By Emily Lehmann
The word ‘armour’ dates back to the Middle Ages, and certainly, protective uniforms have come a long way since then.
A wide variety of materials and techniques have been used over time to develop better and stronger armour such as leather, chainmail and full-plated suits.
Modern combat armour uses a combination of extremely hard ceramic plates inserted into garments (such as vests) made of high technology protective fabrics such as Kevlar.
While providing protection against weapons during combat, most hard armours commonly share three other traits; they are heavy, stiff and hot to wear. That equates to some seriously uncomfortable gear.
Hard armour production methods have been limited by two factors:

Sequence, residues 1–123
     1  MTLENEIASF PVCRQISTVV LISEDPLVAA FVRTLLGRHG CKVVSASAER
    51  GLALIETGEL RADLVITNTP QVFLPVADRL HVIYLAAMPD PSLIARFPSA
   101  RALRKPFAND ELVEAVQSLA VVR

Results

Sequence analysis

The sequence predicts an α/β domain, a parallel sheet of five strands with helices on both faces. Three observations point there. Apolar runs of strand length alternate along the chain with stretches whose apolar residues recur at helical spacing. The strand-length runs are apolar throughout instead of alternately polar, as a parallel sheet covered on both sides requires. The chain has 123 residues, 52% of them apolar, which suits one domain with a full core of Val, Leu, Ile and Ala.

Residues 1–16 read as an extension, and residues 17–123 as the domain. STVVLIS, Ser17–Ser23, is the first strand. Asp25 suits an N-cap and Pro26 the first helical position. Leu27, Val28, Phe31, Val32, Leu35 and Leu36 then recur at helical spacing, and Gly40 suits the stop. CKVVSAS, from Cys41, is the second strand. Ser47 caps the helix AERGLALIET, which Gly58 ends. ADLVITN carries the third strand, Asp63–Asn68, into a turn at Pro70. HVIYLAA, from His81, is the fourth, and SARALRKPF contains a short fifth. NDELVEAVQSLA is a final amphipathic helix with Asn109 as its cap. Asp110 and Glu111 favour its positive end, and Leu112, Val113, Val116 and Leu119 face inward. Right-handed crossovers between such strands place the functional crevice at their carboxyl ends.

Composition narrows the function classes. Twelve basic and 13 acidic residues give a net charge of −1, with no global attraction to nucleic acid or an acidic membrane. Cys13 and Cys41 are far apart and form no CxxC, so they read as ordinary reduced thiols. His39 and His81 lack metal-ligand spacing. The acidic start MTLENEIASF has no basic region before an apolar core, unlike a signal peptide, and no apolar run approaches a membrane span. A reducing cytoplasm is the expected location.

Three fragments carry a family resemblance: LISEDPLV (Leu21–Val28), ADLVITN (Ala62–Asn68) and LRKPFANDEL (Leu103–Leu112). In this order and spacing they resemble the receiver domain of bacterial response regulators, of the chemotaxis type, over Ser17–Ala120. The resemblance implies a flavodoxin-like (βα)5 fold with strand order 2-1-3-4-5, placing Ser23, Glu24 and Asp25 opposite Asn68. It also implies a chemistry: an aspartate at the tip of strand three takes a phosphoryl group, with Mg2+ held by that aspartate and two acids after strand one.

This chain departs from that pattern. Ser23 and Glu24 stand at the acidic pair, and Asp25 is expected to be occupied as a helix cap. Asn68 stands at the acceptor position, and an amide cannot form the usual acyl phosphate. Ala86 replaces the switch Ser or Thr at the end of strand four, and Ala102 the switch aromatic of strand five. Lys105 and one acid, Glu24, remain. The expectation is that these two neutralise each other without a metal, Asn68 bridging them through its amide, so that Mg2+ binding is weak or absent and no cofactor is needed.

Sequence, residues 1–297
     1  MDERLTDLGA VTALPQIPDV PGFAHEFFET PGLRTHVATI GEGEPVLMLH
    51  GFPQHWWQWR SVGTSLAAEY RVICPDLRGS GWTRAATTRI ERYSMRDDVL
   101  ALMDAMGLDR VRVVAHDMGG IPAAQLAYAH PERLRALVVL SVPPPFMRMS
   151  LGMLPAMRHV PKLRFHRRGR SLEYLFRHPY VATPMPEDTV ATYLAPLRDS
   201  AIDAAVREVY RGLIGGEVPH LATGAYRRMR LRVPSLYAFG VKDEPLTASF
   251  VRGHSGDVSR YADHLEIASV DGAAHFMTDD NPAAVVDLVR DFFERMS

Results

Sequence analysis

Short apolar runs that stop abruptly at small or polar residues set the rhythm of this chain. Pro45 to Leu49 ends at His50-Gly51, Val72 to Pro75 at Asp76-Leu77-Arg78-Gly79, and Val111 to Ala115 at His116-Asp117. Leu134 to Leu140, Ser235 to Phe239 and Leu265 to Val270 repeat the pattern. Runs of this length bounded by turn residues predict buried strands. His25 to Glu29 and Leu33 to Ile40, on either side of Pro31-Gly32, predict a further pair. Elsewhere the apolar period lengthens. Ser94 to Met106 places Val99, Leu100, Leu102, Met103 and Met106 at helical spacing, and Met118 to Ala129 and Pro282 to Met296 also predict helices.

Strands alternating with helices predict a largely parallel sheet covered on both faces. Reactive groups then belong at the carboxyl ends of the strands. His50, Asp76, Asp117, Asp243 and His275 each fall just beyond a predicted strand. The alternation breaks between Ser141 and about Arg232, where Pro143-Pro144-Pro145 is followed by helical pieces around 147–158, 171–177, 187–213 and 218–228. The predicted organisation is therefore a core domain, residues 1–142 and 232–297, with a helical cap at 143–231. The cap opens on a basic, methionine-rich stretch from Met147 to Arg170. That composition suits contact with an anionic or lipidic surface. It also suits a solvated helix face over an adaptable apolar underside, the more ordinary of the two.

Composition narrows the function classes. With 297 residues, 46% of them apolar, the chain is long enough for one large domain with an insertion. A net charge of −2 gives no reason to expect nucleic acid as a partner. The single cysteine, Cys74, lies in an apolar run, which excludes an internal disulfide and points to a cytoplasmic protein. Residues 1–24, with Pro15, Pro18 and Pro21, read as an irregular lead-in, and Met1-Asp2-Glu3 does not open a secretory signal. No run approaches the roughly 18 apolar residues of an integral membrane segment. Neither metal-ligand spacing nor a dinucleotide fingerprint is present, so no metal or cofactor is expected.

• The ability to shape the ceramic plates to fit the human body
• Finding a balance between the thickness of the ceramic plate, and the effectiveness of the protection it provides.
That is, until our scientists used their expert understanding of ceramic material structure and properties to come up with a better performing solution.
In collaboration with Victorian manufacturer Australian Defence Apparel and the Defence Materials Technology Centre, CSIRO has developed a new armour made of ceramic material that is lighter and can be manufactured in complex shapes to fit to the curves of the human body in order to improve comfort, wearability and protection in the field.
For the first time, the technology provides Australia with a world-competitive armour manufacturing capability, and the foundation of a new export industry in protective clothing for defence and civilian police forces.
The armour is being used by Australian defence forces deployed overseas, and its superior qualities over existing armours have stimulated commercial interest from international defence organisations.
This project was supported by the Victorian Centre for Advanced Materials Manufacturing (VCAMM)
Read more about our protective materials for defence.